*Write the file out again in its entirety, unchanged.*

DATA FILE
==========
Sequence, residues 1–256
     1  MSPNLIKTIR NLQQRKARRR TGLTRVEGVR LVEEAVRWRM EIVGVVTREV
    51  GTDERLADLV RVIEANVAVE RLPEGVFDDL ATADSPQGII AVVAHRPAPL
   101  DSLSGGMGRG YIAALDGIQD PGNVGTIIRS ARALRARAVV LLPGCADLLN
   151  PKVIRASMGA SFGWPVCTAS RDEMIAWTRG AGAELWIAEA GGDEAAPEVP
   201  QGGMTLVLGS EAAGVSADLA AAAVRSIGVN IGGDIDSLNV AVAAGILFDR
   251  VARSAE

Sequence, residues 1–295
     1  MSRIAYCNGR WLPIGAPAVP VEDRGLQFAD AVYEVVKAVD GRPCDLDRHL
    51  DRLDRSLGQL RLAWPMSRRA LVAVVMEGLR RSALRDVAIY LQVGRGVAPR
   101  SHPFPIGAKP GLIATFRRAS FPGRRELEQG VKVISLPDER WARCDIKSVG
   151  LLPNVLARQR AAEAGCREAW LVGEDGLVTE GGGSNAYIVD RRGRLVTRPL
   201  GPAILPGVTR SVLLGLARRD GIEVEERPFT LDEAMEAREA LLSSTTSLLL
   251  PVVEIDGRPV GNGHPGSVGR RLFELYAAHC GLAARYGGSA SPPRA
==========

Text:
Sequence, residues 1–256
     1  MSPNLIKTIR NLQQRKARRR TGLTRVEGVR LVEEAVRWRM EIVGVVTREV
    51  GTDERLADLV RVIEANVAVE RLPEGVFDDL ATADSPQGII AVVAHRPAPL
   101  DSLSGGMGRG YIAALDGIQD PGNVGTIIRS ARALRARAVV LLPGCADLLN
   151  PKVIRASMGA SFGWPVCTAS RDEMIAWTRG AGAELWIAEA GGDEAAPEVP
   201  QGGMTLVLGS EAAGVSADLA AAAVRSIGVN IGGDIDSLNV AVAAGILFDR
   251  VARSAE

Sequence, residues 1–295
     1  MSRIAYCNGR WLPIGAPAVP VEDRGLQFAD AVYEVVKAVD GRPCDLDRHL
    51  DRLDRSLGQL RLAWPMSRRA LVAVVMEGLR RSALRDVAIY LQVGRGVAPR
   101  SHPFPIGAKP GLIATFRRAS FPGRRELEQG VKVISLPDER WARCDIKSVG
   151  LLPNVLARQR AAEAGCREAW LVGEDGLVTE GGGSNAYIVD RRGRLVTRPL
   201  GPAILPGVTR SVLLGLARRD GIEVEERPFT LDEAMEAREA LLSSTTSLLL
   251  PVVEIDGRPV GNGHPGSVGR RLFELYAAHC GLAARYGGSA SPPRA